Sorority rushers celebrate after opening their envelopes in the Sheraton Commander Hotel's Mount Vernon room this Tuesday evening (2-12).
The voices of a crowd of women fell to a hush in the Mount Vernon Ballroom at the Sheraton Commander Hotel as the clock hit 7 p.m. 174 pairs of hands rushed to tear open envelopes containing cards revealing the identity of their new sisters. The women shrieked with excitement as they ran to locate their sororities.
At this year’s bid day, sororities at Harvard extended bids, or offers of acceptance, to 174 girls, a modest decrease from the 199 bids offered last year. Each of the three sororities on campus, Delta Gamma, Kappa Alpha Theta, and Kappa Kappa Gamma, met the limit of at least 54 new members.
Approximately 250 women—about the same as last year—attended the first recruitment event a little more than a week ago.
Many of the approximately 75 women who were not extended bids were not rejected due to lack of space in the chapters but rather chose to drop out of the recruitment process independently.
“The majority of them chose to withdraw on their own,” said Taylor A. Compton ’13, president of the Cambridge-Area Panhellenic Council.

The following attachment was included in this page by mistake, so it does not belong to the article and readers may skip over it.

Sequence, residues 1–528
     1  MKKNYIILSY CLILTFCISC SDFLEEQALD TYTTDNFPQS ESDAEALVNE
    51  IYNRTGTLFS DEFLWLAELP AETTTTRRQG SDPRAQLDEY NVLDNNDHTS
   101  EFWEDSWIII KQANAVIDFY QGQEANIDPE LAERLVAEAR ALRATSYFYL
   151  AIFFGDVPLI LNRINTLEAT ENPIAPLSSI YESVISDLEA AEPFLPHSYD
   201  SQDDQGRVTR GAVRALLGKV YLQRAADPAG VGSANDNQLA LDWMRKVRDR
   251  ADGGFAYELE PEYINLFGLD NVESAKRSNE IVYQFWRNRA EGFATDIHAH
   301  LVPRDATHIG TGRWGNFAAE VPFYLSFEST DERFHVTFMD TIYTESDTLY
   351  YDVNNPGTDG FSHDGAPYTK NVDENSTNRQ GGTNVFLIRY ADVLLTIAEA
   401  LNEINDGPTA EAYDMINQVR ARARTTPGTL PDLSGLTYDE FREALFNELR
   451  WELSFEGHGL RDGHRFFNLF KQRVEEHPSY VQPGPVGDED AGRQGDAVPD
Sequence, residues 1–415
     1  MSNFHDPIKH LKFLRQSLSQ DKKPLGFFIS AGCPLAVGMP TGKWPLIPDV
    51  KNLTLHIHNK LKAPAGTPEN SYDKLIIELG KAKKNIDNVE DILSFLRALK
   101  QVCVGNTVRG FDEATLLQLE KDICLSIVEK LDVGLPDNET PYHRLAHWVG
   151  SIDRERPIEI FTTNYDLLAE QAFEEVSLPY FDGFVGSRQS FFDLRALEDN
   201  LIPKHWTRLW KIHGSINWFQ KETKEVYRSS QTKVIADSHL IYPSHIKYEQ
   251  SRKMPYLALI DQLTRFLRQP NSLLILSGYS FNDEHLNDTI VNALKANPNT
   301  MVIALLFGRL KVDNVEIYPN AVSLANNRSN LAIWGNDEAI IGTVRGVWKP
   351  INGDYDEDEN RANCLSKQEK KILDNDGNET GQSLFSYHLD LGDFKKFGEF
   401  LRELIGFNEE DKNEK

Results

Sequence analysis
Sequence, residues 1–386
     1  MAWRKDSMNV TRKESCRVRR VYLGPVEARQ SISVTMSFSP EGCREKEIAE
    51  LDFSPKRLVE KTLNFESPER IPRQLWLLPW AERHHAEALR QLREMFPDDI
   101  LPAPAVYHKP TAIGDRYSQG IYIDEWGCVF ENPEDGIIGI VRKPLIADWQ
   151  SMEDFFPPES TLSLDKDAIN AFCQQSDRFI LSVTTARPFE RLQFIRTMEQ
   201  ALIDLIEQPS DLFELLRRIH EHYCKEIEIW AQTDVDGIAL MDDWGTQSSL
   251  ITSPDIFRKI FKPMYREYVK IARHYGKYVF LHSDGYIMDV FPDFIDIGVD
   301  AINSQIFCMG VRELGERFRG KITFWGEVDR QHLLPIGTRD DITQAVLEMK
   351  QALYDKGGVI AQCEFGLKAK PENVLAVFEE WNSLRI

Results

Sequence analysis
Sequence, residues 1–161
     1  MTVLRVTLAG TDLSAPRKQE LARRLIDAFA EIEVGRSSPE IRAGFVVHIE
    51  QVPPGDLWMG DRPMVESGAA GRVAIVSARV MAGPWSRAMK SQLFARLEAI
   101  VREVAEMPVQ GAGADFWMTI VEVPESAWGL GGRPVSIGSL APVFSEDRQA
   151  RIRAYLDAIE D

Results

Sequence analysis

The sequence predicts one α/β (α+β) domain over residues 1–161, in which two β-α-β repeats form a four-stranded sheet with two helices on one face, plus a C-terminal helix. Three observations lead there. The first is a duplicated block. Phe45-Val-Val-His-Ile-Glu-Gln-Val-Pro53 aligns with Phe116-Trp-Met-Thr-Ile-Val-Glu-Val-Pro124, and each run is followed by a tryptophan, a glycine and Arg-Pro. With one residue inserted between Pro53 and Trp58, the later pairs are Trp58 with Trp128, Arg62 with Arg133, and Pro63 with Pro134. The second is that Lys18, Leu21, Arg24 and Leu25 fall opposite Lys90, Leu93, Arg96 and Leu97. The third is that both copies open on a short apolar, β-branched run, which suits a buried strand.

Some of the women who removed themselves from recruitment have their eyes set on joining Alpha Phi, a fourth sorority open to College women. Alpha Phi is currently in the process of establishing a presence ahead of its inaugural year on campus.
“A lot of girls showed interest in Alpha Phi,” said Natalia Duarte ’14, vice president of recruitment for the Cambridge-Area Panhellenic Council.
Alpha Phi representatives from other colleges around the East Coast were present at the first two rounds of recruitment, but their formal recruitment process will take place later this month, with bid day falling on Feb. 28. Women who accepted bids from one of the other sororities may not continue with Alpha Phi recruitment, but those who did not participate in recruitment at all are still eligible to join Alpha Phi.
Members of the Cambridge-Area Panhellenic Council have worked to inform women about the addition of Alpha Phi to Greek life at Harvard by talking to students and sporting Alpha Phi memorabilia such as water bottles and pins.
“We’re all walking around and trying to spread the word on campus,” Duarte said.
After the women received the bids from their sororities, each chapter held their own festivities to welcome the new members.
This year’s recruitment activities were delayed by blizzard Nemo, which brought two feet of snow to Cambridge this past weekend.
—Staff writer Laya Anasu can be reached at firstname.lastname@example.org. Follow her on Twitter @LayaAnasu.
—Staff writer Elizabeth S. Auritt can be reached at email@example.com. Follow her on Twitter @eauritt.
This article has been revised to reflect the following correction:
CORRECTION: Feb. 13, 2013
An earlier version of a teaser accompanying this article incorrectly indicated that 175 bids had been extended to women rushing sororities at Harvard on Tuesday. In fact, 174 bids were offered.